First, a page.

Researchers Improve Storage forTransplant Organs

In 1986, University of Wisconsin scientists Folkert Belzer M.D., and James Southard, Ph.D., developed the gold standard for organ preservation techniques. Backed by funding from the National Institutes of Health, they developed a synthetic solution that allowed organs to be safely stored outside the body for longer periods of time. The advancement, known as the UW Solution, was a major breakthrough in preserving organs for transplant surgeries.

Prior to the UW-Madison scientists’ discovery, organs such as livers could only be stored for six hours and kidneys could be preserved for up to three days.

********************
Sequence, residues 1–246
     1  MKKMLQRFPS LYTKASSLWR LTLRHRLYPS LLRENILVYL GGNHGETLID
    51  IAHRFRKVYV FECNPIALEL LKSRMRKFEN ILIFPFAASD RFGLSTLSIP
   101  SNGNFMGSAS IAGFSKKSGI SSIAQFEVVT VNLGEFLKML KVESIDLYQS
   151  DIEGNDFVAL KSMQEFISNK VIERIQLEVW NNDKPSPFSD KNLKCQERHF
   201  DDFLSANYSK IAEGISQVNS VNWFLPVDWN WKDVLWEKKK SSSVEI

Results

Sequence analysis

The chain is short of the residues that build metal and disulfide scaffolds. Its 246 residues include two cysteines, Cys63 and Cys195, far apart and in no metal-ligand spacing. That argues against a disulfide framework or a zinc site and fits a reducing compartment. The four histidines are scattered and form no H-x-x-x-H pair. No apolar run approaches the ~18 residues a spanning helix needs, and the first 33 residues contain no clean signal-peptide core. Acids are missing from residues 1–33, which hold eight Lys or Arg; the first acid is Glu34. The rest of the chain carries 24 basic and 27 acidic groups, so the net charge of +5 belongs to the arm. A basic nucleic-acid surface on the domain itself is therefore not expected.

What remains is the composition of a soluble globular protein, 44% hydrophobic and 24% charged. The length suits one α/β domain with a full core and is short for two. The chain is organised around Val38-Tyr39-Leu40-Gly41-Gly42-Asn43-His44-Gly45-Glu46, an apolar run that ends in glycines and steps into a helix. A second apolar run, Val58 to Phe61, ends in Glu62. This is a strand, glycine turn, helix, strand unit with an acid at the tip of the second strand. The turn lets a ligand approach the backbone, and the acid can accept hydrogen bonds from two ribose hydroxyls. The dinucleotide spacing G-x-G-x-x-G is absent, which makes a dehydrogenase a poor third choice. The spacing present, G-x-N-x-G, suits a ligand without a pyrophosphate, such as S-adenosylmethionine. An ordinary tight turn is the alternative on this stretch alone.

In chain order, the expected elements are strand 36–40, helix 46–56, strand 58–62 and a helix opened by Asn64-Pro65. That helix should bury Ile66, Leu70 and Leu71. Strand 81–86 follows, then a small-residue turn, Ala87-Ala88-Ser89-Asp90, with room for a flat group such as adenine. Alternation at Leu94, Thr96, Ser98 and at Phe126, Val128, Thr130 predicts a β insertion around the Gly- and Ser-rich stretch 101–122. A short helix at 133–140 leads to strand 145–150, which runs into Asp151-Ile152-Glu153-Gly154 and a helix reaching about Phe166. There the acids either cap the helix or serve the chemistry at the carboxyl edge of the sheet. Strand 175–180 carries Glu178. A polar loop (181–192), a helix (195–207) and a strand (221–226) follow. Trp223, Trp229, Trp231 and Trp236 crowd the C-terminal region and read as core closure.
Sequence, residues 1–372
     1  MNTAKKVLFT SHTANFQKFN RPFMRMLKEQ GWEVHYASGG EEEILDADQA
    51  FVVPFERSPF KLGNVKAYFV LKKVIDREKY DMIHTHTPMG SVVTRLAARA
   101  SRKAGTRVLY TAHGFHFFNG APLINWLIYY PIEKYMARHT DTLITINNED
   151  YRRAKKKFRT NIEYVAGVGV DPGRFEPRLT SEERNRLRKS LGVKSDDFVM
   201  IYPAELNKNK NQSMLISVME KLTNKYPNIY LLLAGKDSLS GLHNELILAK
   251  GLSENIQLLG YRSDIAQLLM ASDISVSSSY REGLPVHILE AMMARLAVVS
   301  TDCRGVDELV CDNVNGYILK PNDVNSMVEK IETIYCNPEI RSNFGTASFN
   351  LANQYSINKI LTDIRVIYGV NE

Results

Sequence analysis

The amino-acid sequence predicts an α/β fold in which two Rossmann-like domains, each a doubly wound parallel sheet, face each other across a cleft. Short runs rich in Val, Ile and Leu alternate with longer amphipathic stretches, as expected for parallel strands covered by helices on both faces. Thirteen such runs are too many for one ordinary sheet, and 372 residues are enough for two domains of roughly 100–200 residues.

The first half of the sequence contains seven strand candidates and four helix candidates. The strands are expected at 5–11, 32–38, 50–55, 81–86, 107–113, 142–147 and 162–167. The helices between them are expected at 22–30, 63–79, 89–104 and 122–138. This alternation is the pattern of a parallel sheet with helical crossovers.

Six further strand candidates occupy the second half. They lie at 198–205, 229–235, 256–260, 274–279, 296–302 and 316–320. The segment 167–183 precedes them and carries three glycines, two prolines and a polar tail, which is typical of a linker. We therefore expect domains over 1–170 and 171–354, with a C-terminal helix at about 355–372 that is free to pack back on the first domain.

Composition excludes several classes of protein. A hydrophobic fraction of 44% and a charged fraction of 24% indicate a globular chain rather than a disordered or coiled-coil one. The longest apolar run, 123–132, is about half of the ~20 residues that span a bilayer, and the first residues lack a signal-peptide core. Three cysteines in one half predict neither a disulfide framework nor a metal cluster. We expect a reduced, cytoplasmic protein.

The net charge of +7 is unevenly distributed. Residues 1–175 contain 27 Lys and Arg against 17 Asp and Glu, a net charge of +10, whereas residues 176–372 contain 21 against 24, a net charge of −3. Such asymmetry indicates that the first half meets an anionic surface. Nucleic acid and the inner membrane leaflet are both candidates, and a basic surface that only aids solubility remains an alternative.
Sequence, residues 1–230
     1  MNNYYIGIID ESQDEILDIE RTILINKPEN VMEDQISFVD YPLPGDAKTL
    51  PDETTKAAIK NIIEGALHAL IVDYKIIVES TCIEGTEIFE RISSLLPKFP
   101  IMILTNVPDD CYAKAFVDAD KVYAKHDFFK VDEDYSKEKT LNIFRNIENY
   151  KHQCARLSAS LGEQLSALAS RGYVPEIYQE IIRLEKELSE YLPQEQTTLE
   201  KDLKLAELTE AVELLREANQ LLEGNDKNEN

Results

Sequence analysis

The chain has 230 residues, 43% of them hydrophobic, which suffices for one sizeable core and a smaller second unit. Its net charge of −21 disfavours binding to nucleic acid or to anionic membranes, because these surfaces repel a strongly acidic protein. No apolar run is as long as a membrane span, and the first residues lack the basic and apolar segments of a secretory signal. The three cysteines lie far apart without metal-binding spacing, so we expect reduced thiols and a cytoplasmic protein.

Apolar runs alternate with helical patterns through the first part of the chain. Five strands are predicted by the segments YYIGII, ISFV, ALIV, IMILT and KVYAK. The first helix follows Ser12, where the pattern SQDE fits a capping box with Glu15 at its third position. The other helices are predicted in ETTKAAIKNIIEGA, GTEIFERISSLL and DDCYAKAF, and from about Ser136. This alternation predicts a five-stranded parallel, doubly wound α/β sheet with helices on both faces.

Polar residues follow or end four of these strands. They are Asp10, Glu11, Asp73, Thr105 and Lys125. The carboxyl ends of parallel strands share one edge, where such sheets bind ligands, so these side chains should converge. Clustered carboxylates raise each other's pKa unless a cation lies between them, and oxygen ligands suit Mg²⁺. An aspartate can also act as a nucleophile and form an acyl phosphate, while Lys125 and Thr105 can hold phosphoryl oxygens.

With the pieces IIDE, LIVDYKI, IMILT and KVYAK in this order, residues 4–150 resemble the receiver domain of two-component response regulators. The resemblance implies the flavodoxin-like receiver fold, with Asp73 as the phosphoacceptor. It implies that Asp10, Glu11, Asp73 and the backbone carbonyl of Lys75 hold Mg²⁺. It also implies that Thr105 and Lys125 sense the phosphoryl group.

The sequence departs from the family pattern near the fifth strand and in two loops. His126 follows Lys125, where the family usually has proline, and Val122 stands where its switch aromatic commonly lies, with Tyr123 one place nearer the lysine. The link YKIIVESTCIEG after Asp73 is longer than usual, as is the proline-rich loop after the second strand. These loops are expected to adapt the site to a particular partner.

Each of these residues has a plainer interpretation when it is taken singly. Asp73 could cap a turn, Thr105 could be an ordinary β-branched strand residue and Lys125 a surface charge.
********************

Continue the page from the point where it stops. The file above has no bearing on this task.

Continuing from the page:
The beauty of the Wisconsin Solution was that due to its extended preservation time, fewer organs were wasted and, consequently, more lives were saved.

Since the UW Solution was originally invented, UW-Madison veterinary surgeon Jonathan McAnulty, D.V.M.,along with his colleague, veterinary ophthalmologist Christopher Murphy, D.V.M., have University Communications. improved on the original UW Solution by developing a totally natural solution that includes proteins called trophic factors. The modified UW Solution increases organ quality and length of storage time possible.

This modified UW Solution has not only led to greater improvement in preventing damage to organs during storage, it has a positive, direct affect on donor pools and successful organ transplant surgeries.


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